I have been exploring this extraordinary episode in US banking history with two other researchers, Gregor Matvos and Amit Seru, both of the University of Chicago. We wanted to find out what happened to banks when they were sold, who bought them and why, and what the implications might be for public policy. To do this, we compiled information on all FDIC bank sales from 2007 to 2013 and analyzed the data using probability models and other methods.

More broadly, our study focused on understanding the nature and efficiency of allocation outcomes when failed assets are sold. These findings have direct implications for the design of the bank resolution process – how to deal with the death of a financial firm – an issue that is confronting policymakers and researchers both in the US and the EU.

In this study, we tried to understand the costs associated with failed bank sales in the US. We hope that these facts will help policymakers to weigh the costs of selling banks against the costs of supporting them outright during future financial crises. Understanding these trade-offs should help policymakers reduce the taxpayer costs associated with reorganizing a banking system in distress.

Read the full post at The Conversation

João Granja is an Assistant Professor of Accounting at the MIT Sloan School of Management.

Securities trading by banks crowds out traditional loans during crisis — Rajkamal Iyer

MIT Sloan Associate Professor Rajkamal Iyer

MIT Sloan Associate Professor Rajkamal Iyer

From The Street

During the economic crisis, we saw an interesting pattern of activity among commercial banks. As prices of securities dramatically dropped, banks purchased the securities, looking to make profits when the prices later increased. This had an effect on lending, as banks used their capital to buy securities rather than make loans. This despite the banks taking billions at the time from the Federal Reserve in liquidity support.

Now, regulators around the world are debating whether banks should be allowed to trade in securities. In the U.S. we have the Volcker rule, which prevents banks from proprietary trading. In Europe, they have the Liikanen Report. But an important question in these discussions is what are the benefits and costs to not having banks trade securities?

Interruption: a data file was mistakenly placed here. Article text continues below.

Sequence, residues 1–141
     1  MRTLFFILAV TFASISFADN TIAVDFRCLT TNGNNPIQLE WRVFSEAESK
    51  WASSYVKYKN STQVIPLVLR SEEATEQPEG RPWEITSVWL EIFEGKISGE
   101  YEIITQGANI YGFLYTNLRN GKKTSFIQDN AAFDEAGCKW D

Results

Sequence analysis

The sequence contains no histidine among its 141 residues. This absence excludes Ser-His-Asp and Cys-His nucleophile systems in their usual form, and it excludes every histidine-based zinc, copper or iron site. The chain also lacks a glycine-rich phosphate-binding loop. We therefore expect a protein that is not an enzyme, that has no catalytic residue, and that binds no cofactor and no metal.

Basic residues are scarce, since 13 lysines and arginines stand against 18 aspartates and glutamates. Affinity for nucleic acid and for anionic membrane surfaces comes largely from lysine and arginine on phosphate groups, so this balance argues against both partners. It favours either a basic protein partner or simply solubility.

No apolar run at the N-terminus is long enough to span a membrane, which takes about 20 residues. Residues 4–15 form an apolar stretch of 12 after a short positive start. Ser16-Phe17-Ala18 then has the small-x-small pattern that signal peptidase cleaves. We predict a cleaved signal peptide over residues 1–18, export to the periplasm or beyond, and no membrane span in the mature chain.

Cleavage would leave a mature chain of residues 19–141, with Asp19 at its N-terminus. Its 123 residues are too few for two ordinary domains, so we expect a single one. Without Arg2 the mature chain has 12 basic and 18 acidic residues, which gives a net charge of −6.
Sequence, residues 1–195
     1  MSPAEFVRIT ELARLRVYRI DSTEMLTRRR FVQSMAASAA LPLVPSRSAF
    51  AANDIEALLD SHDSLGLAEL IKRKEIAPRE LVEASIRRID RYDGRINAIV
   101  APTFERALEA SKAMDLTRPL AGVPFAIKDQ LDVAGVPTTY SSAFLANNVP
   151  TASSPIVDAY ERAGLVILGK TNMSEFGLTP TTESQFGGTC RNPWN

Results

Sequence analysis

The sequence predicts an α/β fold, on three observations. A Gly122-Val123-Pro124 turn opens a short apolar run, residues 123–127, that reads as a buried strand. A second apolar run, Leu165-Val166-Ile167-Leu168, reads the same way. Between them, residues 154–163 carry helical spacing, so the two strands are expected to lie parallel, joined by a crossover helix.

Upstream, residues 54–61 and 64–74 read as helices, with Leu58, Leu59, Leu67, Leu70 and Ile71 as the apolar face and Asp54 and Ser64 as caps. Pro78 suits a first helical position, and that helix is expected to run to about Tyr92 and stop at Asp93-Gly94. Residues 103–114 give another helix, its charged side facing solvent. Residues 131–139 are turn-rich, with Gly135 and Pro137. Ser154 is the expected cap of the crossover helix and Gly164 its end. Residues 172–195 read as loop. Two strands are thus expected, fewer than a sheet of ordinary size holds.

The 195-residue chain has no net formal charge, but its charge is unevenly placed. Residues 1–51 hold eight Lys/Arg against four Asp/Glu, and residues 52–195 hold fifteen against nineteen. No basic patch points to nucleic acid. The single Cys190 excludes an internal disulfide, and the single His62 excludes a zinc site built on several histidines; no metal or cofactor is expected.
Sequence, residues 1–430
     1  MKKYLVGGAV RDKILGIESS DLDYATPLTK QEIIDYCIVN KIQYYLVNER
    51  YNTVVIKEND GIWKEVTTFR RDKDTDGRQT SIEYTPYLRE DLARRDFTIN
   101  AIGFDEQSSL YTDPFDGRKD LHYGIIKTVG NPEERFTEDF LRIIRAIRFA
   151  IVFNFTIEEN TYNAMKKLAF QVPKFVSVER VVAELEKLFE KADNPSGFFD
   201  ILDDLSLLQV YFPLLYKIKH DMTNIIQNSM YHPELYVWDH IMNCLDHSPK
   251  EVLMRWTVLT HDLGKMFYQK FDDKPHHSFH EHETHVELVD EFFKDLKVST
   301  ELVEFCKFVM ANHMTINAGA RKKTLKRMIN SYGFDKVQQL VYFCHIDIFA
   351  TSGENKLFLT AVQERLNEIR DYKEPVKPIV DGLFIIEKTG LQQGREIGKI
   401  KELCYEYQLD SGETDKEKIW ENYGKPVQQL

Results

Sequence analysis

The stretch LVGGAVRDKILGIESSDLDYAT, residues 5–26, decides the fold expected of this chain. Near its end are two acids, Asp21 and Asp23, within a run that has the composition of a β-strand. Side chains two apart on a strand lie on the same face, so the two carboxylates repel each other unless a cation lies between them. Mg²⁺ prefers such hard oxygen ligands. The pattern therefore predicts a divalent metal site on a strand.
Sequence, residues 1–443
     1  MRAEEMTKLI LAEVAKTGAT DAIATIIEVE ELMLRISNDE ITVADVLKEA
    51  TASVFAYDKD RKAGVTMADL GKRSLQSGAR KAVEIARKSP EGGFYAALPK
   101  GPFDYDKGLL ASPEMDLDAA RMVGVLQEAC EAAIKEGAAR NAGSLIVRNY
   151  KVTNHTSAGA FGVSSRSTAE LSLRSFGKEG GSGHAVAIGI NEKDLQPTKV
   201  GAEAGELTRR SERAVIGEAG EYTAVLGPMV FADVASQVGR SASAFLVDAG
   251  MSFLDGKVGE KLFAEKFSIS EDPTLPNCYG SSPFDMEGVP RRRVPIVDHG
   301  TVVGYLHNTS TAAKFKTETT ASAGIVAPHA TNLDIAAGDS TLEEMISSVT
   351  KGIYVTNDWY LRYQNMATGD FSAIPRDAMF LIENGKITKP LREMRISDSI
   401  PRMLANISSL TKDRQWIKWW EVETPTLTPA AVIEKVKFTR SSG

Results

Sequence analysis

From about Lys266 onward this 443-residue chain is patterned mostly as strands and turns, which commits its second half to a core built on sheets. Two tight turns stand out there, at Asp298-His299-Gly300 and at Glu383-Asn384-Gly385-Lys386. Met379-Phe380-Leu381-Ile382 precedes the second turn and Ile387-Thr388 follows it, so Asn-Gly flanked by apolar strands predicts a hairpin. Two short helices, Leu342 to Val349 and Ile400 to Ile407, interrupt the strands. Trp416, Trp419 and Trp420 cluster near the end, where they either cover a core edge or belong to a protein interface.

Answering that question has been difficult due to a lack of comprehensive micro data at the security level on banks’ trading activities. However, in a recent study, my colleagues and I were given access to a unique, proprietary dataset from the Bundesbank (the German central bank) that provides information on security-level holdings for all banks in Germany at a quarterly frequency for the period between 2005 and 2012.

So we were able to analyze whether, during a financial crisis, banks with higher trading expertise increase their investments in securities, especially in securities that had a larger price drop, to profit from the trading opportunities. Further, we examined how this impacts lending.

Read More »

Dropping the Ball on Financial Regulation — Simon Johnson

 

MIT Sloan Prof. Simon Johnson

From the New York Times

With regard to financial reform, the outcome of the November election seems straightforward. At the presidential level, the too-big-to-fail banks bet heavily on Mitt Romney and lost; President Obama received relatively few contributions from the financial sector, in contrast to 2008. In Senate races, Elizabeth Warren of Massachusetts and Sherrod Brown of Ohio demonstrated that it was possible to win not just without Wall Street money but against Wall Street money. Read More »